A third of year six children in England are now obese or overweight, new research has revealed.
Data management experts SSentif analysed statistics from the Information Centre for Health and Social Care and The National Child Measurement Programme ranging from 2006/07 to 2010/11.
Since 2007, 80 per cent of primary care trusts (PCTs) in England have reported an increase in obesity rates at age ten to eleven, while 36 per cent have reported an increase in four to five year-olds.
According to the study, Southwark PCT had the highest child obesity rate in 2011 with more than a quarter (26.45%) of children classed as obese.
Meanwhile, Richmond and Twickenham PCT had the lowest level, with 10.67 per cent classed as obese in 2011.
The biggest percentage increase in obesity rates was reported by Hastings and Rother PCT, which showed a 43.5 per cent increase amongst ten to eleven-year-olds in the past five years.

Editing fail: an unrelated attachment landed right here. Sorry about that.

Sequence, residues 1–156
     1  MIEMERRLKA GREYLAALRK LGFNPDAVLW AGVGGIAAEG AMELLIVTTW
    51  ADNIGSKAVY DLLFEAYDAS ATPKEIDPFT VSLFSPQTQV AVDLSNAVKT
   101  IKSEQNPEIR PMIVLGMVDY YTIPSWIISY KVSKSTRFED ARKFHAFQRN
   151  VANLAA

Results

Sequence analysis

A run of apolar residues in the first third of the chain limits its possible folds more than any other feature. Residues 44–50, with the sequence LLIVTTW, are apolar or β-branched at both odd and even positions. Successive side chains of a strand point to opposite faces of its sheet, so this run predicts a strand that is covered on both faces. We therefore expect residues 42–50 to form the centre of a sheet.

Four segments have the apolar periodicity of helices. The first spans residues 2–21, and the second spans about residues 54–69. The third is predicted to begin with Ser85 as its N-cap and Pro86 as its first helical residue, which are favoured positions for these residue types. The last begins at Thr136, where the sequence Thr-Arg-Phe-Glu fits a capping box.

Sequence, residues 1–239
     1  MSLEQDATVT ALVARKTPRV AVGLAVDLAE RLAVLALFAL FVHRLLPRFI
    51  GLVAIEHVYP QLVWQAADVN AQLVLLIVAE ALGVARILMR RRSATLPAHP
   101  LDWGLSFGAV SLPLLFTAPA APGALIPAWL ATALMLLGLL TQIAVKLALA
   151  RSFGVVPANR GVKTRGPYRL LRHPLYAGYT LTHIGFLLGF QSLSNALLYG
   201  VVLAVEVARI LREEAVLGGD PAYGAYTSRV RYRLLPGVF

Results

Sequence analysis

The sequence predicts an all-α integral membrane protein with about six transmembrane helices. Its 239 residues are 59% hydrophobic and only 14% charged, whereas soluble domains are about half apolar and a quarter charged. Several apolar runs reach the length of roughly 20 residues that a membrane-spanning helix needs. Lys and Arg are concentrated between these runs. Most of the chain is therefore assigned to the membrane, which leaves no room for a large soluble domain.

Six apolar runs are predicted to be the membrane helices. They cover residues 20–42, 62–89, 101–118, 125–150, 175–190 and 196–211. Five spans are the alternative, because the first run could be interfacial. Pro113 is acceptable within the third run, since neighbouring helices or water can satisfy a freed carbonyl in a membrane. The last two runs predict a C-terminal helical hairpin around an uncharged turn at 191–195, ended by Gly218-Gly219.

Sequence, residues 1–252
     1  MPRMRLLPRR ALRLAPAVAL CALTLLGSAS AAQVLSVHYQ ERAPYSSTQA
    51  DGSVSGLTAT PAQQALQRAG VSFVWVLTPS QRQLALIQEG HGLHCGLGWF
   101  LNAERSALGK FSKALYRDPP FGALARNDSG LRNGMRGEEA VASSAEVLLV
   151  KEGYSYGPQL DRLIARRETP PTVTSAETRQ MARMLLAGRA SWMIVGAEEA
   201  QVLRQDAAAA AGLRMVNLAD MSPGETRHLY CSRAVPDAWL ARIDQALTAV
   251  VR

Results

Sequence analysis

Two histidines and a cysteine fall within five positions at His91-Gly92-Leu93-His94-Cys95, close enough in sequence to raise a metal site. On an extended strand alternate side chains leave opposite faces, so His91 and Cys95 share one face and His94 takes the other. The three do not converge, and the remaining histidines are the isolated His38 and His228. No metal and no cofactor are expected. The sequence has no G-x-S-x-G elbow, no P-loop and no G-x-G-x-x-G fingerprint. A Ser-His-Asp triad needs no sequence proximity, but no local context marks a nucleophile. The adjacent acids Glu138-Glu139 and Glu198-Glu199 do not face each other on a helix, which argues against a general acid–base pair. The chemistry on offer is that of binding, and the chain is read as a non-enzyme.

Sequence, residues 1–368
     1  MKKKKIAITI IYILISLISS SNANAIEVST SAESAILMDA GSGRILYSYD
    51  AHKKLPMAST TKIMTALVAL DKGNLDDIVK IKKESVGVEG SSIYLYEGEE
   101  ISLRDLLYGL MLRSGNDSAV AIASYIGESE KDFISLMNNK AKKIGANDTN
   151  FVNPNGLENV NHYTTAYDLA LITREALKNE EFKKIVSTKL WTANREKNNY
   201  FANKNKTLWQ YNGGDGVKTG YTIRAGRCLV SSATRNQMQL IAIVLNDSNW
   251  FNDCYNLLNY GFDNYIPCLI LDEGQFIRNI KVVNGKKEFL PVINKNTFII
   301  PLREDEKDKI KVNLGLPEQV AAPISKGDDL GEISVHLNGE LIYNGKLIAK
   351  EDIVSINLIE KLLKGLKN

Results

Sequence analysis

The biggest reduction was reported by Portsmouth City Teaching PCT, which showed a fall in the proportion of obese children from 24 per cent in 2007 to 19 per cent in 2010/11.
In 2011, the obesity rates in the most deprived areas in England averaged 23.4 per cent, compared with 15.68 per cent in the least deprived areas.
Judy Aldred, managing director of SSentif: "Childhood obesity is one of the most pressing public health concerns we have to tackle and yet rates have increased over the last five years, despite the Government's attempts to curtail them.
"We've just hosted a fantastic Olympic Games and the legacy of those games has to be to improve the health and fitness of our children. This is the perfect time to focus on this issue and to take steps to tackle the problem."